Words of Affirmation
DeGeare says that people with this love language value verbal encouragement, and like having people tell them very explicitly what they're doing that they appreciate or notice. So if getting a text from your partner before a big meeting or presentation wishing you luck makes your entire day, this might be you. If you know someone with this love language, here's a tip: Just telling this person you love them often won't cut it. It's all about being intentional, and offering up affirmations that are "very much in tune with what's going on with them," DeGeare says.
Those who value quality time really appreciate hanging out with their partner (or friend!) one on one. "The important thing here is uninterrupted time," DeGeare explains. "Put down your phone, and really dial into the person." If you "speak" this language, you know: Spending time with someone who's completely distracted doesn't feel fulfilling. But as long as your loved one is present, it doesn't really matter what you're doing. Even just going for walks together can go a long way here.
If your love language is receiving gifts, you enjoy getting thoughtful presents from your partner. DeGeare points out that this love language often gets a bad rap for being "materialistic," but the gifts don't actually have to be as grand as a diamond necklace or an all-expenses paid trip to Italy (although, I'm sure few people would turn those down). "This is very much about being really thoughtful," DeGeare says. "It's less about the money side of receiving gifts, but really knowing the person and giving a gift that says, 'I know you and I see you, and this is a real need for you.'" For example, you could run to your partner's favourite doughnut shop when they're having a rough day to grab them a treat, or even buy them a new aux cord for their car if they haven't gotten around to replacing their old, broken one yet.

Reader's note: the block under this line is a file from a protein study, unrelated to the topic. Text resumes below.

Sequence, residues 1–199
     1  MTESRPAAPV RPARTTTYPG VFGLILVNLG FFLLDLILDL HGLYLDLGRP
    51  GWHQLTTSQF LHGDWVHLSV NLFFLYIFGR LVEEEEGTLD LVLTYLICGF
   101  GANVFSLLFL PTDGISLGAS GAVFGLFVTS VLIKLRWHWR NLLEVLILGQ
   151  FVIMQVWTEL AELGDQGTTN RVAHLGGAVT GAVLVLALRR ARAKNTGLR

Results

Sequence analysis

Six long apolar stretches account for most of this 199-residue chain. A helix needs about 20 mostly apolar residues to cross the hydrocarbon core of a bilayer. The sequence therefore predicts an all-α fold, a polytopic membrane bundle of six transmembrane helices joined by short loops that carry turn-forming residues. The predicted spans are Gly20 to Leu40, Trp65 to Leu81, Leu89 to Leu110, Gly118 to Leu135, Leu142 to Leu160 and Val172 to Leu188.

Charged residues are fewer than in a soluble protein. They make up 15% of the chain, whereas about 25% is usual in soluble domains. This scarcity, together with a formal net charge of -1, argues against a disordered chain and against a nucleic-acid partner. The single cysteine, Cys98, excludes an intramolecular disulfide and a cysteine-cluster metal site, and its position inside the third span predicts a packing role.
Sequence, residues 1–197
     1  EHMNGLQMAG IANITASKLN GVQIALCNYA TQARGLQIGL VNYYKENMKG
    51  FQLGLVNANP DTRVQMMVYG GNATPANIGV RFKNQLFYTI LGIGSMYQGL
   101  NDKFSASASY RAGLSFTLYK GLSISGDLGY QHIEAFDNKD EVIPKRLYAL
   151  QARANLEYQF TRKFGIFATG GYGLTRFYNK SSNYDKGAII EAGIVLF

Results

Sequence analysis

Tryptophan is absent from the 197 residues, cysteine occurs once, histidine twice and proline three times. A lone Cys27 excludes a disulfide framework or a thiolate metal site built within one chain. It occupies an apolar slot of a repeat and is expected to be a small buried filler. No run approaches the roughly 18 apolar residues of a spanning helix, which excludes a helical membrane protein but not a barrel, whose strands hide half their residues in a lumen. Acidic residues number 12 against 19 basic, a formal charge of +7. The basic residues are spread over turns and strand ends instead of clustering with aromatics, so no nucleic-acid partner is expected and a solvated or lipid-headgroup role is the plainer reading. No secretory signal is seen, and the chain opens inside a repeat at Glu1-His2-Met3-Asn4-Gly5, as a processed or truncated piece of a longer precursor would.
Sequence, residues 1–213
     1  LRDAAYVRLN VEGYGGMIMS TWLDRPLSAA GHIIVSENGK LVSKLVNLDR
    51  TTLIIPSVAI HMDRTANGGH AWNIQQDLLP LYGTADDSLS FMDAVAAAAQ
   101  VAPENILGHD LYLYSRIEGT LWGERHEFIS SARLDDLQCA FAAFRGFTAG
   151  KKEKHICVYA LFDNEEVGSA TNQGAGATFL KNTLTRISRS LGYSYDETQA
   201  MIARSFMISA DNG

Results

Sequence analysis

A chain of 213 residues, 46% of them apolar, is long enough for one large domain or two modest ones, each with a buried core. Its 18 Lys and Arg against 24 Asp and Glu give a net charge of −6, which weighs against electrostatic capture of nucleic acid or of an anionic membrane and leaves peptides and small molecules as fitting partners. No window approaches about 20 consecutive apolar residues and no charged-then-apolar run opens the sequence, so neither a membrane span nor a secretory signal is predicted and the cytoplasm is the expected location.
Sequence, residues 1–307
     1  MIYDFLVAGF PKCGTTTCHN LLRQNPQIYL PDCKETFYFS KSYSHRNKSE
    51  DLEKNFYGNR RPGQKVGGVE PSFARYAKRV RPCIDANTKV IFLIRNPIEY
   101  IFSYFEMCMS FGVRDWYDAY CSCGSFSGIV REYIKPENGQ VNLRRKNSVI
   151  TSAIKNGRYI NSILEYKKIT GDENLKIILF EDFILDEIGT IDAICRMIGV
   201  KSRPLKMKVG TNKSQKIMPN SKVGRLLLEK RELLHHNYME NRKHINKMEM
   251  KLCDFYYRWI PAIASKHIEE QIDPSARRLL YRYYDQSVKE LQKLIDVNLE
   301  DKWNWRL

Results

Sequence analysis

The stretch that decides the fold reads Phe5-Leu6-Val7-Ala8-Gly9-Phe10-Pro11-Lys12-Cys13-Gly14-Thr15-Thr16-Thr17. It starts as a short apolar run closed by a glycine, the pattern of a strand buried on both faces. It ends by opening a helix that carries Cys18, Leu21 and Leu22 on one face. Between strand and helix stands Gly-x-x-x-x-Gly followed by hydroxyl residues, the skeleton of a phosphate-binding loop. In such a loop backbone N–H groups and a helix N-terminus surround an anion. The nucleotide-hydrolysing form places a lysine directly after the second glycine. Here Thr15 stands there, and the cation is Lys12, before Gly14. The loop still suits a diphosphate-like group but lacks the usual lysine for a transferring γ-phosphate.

Physical touch is a pretty straightforward love language. Someone who's love language is touch really values holding hands, snuggling close on the couch, kissing, getting their backs scratched, and just being physically close. It's not inherently sexual touches, it's more just the closeness and feeling the full physical connection, DeGeare says. This love language is when someone wants physical intimacy to be a main priority, and you can show it just by consciously making an effort to create closeness with your partner.
Acts of Service
Showing love through acts of service is when you take something off of someone's plate to make their life easier. It's "being mindful of all the things that need to be done, and doing something for that person," DeGeare says. A few examples might be emptying the dishwasher for your partner, taking their car to get an oil change, or shovelling out their walkway after a snowstorm. Even just doing chores together can be a great way to utilise this love language and show your partner that you appreciate them.